Listening to all of these albums in one go is to be hurled back in time, to the unlit bedsit of earlier years, slumped on a mattress, headphones attached, chain-smoking roll-ups into the small hours, wallowing in solitude and a cheap bottle of red. Whether that's a half-remembered memory or a rose-tinted projection is irrelevant: hearing this stuff now, in the dead of night, This Mortal Coil's diaphanous timbres and outsider symphonies are still infinitely seductive, exquisite and real.

When This Mortal Coil's astonishing first album It'll End In Tears emerged in 1984, it was a revelation. An amalgam of esoteric cover versions and eldritch atmospherics, it drew a line in the sand, signalling a shift away from the goth-tinged fripperies of The Birthday Party and Bauhaus to a much softer, ethereal 4AD 'sound' (the beginnings of which were evident in the Cocteaus' Lullabies EP and debut album Garlands).

With Robin Guthrie's oscillating guitars, swathed in FX-pedal atmospherics, and Elizabeth Fraser's spectral voice, the Cocteaus were certainly half-synergists for This Mortal Coil's entirely crepuscular oeuvre; but the project really took shape as an extension of Ivo's desire to allow 4AD artists greater creative expression, and the option of recording carefully-chosen covers of precious and forgotten songs. That casual directive precipitated the release of the Sixteen Days/Gathering Dust EP in 1983 – This Mortal Coil's year zero – but it was the inordinate beauty of the B-side 'Song To The Siren', a version of the Tim Buckley standard, that bewitched legions of stunned listeners.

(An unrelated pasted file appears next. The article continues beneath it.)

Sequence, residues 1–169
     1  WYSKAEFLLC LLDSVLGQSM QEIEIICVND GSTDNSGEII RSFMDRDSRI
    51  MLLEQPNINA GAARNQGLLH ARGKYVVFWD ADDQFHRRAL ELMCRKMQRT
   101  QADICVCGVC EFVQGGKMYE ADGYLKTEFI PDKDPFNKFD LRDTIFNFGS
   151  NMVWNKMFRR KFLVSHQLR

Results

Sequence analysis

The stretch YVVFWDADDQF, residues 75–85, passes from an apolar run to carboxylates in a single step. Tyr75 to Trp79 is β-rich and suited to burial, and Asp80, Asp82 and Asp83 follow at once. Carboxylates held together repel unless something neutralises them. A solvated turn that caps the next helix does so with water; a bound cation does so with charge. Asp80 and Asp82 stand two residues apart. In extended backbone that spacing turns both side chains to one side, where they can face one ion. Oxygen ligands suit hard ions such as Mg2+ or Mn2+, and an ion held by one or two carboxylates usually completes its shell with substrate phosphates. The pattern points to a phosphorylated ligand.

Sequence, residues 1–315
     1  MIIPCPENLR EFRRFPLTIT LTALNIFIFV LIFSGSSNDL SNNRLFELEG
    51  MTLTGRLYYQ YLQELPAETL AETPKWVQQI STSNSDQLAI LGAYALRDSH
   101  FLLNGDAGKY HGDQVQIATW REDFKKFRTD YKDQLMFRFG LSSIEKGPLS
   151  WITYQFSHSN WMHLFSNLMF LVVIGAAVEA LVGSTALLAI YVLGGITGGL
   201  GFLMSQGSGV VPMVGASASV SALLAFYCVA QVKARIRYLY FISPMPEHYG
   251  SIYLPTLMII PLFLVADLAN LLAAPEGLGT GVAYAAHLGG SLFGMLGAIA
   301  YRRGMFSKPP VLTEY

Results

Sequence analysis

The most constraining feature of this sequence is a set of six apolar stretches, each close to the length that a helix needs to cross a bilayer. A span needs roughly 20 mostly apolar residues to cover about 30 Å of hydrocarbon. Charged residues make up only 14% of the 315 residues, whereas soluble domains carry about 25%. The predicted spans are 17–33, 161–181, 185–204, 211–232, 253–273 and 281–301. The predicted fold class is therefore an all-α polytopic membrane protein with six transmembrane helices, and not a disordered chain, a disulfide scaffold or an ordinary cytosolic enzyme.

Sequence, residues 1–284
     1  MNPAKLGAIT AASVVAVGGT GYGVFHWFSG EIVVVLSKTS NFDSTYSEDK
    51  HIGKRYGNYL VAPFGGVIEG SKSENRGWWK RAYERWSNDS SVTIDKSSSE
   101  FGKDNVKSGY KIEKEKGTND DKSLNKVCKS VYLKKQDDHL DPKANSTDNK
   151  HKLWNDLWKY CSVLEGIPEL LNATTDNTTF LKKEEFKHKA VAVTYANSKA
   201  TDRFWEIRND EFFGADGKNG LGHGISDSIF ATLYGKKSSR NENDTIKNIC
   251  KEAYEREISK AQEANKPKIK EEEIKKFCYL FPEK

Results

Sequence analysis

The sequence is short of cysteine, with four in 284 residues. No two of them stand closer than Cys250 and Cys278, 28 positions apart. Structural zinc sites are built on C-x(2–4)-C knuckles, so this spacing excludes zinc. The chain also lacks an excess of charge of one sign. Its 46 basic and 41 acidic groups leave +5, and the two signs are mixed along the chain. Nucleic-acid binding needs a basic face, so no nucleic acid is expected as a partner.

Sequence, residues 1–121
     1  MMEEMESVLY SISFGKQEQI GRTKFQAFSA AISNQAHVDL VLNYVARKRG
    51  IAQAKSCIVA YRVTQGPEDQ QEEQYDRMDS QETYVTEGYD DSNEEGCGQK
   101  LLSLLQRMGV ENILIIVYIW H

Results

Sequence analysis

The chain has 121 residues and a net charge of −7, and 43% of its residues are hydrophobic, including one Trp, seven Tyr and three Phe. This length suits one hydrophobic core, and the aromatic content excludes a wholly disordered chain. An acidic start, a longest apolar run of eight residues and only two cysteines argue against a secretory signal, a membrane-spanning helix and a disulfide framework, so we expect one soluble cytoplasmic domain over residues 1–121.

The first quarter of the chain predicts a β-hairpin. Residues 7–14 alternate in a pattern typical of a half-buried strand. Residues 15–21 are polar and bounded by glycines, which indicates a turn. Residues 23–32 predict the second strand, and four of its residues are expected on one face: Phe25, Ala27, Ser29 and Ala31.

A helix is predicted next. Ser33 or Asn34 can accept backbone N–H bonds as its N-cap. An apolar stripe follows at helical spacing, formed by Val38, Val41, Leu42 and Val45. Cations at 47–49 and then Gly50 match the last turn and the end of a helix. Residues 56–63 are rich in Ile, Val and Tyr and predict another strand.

Despite Buckley's sublime original, Fraser's supremely haunting rendition marks This Mortal Coil out as the go-to version; there remains something infinitely alluring about listening to the eccentric, seemingly vulnerable chanteuse as she sings about the sea as a metaphor for the devastation of love. "I'm as puzzled as the new-born child / I'm as riddled as the tide," she trills, and despite repeated listens, it's an unadulterated pleasure that keeps on giving, enhanced only by watching the promo video. In it Fraser, all piercing eyes and quivering, expressive lips, delivers those powerful words with a sensual bluster that doesn't so much capture your heart as forcibly penetrate it with a hefty shard of glass.